The most recent AMA report: the study of 110 out of 111 brains of former football players revealed the presence of CTE, chronic traumatic encephalopathy.
My past includes neither a pro- nor anti-football stance. I attended a few games during college days. Something to do on a pleasant Fall day. But today’s report, following the most recent study by the AMA, stopped me in my tracks. Numbers, representing humans, possess a unique power to pull focus. Witness:
Of the 111 brains of former NFL players that were donated and studied, 110 had CTE…
The study also revealed a higher rate of CTE at every level of football. Researchers examined 202 deceased former football players and found that 177, or nearly 88 percent, had CTE. Forty-eight of 53 college players were found to have CTE and three of 14 who played only in high school had it, the study found.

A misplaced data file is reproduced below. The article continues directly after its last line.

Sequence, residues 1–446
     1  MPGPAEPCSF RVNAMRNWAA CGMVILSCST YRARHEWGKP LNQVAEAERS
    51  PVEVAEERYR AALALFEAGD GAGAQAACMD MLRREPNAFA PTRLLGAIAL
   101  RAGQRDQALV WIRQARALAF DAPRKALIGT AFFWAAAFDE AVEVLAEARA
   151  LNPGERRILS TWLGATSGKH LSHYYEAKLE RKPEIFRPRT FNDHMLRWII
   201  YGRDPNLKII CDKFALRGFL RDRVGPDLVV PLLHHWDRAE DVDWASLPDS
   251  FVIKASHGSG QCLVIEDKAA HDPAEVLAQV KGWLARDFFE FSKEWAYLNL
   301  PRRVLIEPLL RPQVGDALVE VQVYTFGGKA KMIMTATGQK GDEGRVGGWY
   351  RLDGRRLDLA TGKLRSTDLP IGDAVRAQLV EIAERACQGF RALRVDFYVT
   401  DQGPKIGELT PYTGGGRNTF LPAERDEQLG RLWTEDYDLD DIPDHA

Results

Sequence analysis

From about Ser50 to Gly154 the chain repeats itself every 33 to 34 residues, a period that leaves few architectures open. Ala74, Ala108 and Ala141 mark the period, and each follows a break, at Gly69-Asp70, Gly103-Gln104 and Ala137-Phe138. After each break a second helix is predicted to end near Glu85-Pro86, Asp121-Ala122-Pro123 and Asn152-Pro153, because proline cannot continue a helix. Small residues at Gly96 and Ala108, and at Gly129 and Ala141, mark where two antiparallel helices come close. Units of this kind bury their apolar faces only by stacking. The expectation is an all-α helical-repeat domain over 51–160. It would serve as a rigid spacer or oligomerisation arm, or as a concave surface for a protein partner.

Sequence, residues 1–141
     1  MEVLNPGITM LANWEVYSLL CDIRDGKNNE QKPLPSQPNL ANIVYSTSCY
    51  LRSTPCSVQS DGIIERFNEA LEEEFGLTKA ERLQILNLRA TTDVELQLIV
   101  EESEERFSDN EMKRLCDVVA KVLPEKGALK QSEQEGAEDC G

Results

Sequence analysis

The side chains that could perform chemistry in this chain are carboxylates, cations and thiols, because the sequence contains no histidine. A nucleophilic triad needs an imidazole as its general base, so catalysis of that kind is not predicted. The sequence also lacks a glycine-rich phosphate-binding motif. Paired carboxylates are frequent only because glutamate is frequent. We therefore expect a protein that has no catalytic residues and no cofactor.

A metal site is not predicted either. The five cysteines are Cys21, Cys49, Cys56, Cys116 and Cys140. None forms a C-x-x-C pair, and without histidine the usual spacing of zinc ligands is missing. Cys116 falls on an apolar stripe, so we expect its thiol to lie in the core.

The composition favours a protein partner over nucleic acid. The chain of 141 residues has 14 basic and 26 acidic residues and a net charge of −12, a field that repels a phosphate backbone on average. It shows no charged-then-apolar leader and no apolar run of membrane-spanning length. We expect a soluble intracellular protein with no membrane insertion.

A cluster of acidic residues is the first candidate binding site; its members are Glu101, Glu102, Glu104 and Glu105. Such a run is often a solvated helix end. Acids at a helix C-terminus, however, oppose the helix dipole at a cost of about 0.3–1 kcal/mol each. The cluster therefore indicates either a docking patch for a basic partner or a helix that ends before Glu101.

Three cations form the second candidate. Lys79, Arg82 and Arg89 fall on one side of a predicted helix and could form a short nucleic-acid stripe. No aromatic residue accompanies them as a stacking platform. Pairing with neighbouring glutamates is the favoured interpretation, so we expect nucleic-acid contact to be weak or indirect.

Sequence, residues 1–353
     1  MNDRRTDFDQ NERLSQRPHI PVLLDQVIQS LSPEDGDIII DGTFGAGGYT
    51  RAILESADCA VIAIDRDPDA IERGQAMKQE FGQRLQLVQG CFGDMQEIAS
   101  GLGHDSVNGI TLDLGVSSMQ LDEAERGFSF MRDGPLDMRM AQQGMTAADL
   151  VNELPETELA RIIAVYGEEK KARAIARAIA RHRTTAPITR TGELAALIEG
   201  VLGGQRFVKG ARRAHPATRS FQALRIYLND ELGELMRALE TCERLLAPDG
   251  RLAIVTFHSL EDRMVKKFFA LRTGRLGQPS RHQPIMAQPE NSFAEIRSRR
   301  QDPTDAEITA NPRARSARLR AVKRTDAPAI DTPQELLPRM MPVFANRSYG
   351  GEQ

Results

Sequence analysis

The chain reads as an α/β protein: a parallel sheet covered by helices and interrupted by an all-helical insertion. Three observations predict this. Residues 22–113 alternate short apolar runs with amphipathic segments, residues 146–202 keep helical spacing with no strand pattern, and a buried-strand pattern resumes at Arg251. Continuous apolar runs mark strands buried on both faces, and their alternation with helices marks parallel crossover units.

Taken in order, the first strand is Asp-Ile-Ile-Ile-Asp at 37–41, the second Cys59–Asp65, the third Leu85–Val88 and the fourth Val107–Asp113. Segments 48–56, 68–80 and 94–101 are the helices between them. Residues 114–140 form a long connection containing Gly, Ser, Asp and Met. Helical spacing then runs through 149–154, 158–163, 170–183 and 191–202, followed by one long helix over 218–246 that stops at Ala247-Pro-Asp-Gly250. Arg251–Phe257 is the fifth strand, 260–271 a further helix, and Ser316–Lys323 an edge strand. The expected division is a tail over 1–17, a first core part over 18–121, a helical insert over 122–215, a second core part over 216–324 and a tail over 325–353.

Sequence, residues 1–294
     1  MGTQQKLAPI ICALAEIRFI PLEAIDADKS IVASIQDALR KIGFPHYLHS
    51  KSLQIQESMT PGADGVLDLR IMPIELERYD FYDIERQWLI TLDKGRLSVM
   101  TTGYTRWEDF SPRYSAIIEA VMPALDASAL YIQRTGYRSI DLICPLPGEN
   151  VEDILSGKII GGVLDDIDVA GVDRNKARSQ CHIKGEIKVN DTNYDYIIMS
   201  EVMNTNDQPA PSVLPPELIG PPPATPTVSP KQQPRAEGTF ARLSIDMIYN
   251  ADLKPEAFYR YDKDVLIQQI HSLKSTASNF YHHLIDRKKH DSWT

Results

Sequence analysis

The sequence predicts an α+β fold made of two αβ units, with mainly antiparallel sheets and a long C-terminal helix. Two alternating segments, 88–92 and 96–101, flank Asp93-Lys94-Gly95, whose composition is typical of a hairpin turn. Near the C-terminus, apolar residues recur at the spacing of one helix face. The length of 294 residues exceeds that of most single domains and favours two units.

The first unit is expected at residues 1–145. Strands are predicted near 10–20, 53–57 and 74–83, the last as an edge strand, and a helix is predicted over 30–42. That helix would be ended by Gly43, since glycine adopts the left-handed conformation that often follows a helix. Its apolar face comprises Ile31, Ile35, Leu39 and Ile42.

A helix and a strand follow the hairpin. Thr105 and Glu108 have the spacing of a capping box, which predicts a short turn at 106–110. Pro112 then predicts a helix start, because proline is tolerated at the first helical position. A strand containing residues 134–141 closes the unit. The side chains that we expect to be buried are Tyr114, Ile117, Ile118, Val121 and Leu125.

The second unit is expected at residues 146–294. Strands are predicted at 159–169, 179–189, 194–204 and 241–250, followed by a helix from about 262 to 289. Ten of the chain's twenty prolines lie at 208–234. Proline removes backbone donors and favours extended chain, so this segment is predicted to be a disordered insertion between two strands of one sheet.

The mention of high school players sent chills down my spine. Fact: CTE is diagnosed only post-mortem. Stop. Think, about the implications.
The statistics reawaken memories of AIDS news reports during the early days: a diagnosis equated to a death sentence. There may be no death sentence inherent in playing football. But it now appears indisputable: the sport does indeed carry the rarely-escaped sentence of lifetime torment, post football-field glory days. Even. If. Played. Only. In. High. School.
Free will. The lure of fame. And money. For a price. The player’s mind.
- CTE found in alarming number of NFL players’ brains, new study shows. July 25, 2017 12:46 PM. Penn Live
- Related Google News search: the saved link doesn’t work across all browsers. Visit news.google.com, enter CTE REPORT, then sort by date.
- Earl Campbell: A Cautionary Tale
- Tony Dorsett battling CTE
- Jim McMahon Speaks Up
- Frank Gifford suffered from brain disease CTE, family says
- The N.F.L.’s Tragic C.T.E. Roll Call